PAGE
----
The
homology groups H_{n}(X,Z) of a space are reasonably
straighforward invariants to
compute. Its homotopy groups Pi_{n}(X) are, by contrast,
extremely
difficult to compute and the difficulty
increases with n. For instance, the
homotopy groups of one of
the most basic spaces, the 2dimensional sphere S^{2}, are
still only known
for relatively small n. When homotopy groups were introduced back in the 1930s they were at first believed to be isomorphic to the homology groups. Heinz Hopf's surprising discovery that Pi_{3}(S^{2}) = Z soon put pay to that belief. The sphere can be regarded as a suspension S^{2}=SK(Z,1) of an EilenbergMac Lane space K(Z,1) for the infinite cyclic group Z. There has recently been some interest in computing the third homotopy group Pi_{3}(SK(G,1)) of the suspension of EilenbergMac Lane spaces for other groups G. (The Hurewicz Theorem shows that Pi_{2}(G)=G_{ab} and Pi_{1}(G)=0.) A purely group theoretic description of Pi_{3}(SK(G,1)) was found in [R. Brown & J.L. Loday, "van Kampen theorems diagrams for diagrams of spaces", Topology 1987]. They described it as a kernel of a group homomorphism
where G(×)G denotes a certain "nonabelian tensor square" of the group G. The following command uses this isomorphism to compute Pi_{3}(SK(G,1)) = Z^{30 }for G_{ }the free nilpotent group of class 2 on four generators. The command implements a method for calculating the nonabelian tensor which is described in [G. Ellis & F. Leonard, "Computations of nonabelian tensor products and Schur multipliers of finite groups", Proc. Royal Irish Acad. 1997]. A result in [A. McDermott, "Nonabelian tensor products", PhD thesis, Galway 1997] enables the implementation to run on certain infinite groups. The computational significance of McDermott's result was pointed out by R.F. Morse.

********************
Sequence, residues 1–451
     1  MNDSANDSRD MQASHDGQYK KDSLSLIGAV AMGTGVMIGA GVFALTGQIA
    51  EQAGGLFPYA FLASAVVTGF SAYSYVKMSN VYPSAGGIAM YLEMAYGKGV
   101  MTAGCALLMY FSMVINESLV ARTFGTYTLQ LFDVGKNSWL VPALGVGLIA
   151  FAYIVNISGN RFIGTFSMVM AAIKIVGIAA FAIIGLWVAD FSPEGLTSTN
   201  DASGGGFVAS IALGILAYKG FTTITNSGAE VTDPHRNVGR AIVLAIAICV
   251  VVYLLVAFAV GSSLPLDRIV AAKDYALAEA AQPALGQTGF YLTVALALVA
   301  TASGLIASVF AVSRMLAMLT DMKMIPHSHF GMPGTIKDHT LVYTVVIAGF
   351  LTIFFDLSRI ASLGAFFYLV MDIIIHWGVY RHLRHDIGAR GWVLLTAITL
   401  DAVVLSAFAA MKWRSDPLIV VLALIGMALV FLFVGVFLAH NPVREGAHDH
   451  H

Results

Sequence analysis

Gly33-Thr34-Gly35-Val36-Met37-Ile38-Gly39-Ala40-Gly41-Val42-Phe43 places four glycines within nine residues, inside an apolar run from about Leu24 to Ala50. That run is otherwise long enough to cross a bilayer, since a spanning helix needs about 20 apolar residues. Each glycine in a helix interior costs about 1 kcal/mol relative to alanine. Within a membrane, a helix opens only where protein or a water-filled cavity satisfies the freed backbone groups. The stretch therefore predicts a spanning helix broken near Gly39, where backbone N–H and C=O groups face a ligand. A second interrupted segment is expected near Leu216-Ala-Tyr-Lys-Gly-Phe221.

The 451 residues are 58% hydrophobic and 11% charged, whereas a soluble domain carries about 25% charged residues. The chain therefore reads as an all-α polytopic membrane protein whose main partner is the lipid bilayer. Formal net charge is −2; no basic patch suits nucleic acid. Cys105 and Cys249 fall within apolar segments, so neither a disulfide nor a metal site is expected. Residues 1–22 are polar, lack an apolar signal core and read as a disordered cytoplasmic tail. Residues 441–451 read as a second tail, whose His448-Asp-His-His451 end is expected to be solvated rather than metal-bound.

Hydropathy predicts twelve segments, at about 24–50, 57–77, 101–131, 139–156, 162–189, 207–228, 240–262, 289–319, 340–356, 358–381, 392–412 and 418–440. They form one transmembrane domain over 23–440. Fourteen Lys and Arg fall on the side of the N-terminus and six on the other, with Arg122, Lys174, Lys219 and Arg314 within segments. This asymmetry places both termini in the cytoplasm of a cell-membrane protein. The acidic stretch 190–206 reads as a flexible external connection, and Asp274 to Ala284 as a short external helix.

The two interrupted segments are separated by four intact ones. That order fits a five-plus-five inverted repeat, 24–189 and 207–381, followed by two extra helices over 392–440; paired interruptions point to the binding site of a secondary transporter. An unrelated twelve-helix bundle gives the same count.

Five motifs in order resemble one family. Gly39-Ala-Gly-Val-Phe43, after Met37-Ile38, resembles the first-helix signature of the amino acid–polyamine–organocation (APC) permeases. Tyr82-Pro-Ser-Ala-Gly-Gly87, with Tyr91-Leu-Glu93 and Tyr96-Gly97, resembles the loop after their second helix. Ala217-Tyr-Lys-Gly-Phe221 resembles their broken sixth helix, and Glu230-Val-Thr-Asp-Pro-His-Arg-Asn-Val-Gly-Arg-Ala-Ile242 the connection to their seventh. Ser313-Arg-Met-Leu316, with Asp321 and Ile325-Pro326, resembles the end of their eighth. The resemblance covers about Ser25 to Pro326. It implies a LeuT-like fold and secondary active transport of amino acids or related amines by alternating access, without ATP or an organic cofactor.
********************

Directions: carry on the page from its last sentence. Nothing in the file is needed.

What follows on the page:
gap>
F:=FreeGroup(4);;G:=NilpotentQuotient(F,2);; gap> ThirdHomotopyGroupOfSuspensionB(G); [ 0, 0, 0, 0, 0, 0, 0, 0, 0, 0, 0, 0, 0, 0, 0, 0, 0, 0, 0, 0, 0, 0, 0, 0, 0, 0, 0, 0, 0, 0 ] 

The BlakersMassey Theorem can be used to show that, for any abelian group A, the third homotopy group Pi_{3}(SK(A,1)) is isomorphic to the usual tensor square of A. The homotopy groups Pi_{3}(SK(G,1)) were calculated for all nonabelian groups G of order G<31 by R. Brown, D.L. Johnson and E. Robertson in ["The nonabelian tensor square of groups", J. Algebra 1987]. These calculations are recovered by the following commands which use GAP's small groups library.  
gap>
for i in [2..30] do for G in